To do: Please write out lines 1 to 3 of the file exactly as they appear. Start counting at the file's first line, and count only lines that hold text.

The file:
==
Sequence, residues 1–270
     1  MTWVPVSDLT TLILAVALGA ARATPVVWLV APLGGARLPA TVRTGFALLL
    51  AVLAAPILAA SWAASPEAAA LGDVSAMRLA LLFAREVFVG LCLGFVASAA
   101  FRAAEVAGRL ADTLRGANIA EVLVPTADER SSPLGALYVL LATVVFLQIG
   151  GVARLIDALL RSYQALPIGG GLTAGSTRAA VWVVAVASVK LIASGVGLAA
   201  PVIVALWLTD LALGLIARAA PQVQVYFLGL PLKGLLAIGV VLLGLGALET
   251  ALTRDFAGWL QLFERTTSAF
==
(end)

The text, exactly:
Sequence, residues 1–270
     1  MTWVPVSDLT TLILAVALGA ARATPVVWLV APLGGARLPA TVRTGFALLL
    51  AVLAAPILAA SWAASPEAAA LGDVSAMRLA LLFAREVFVG LCLGFVASAA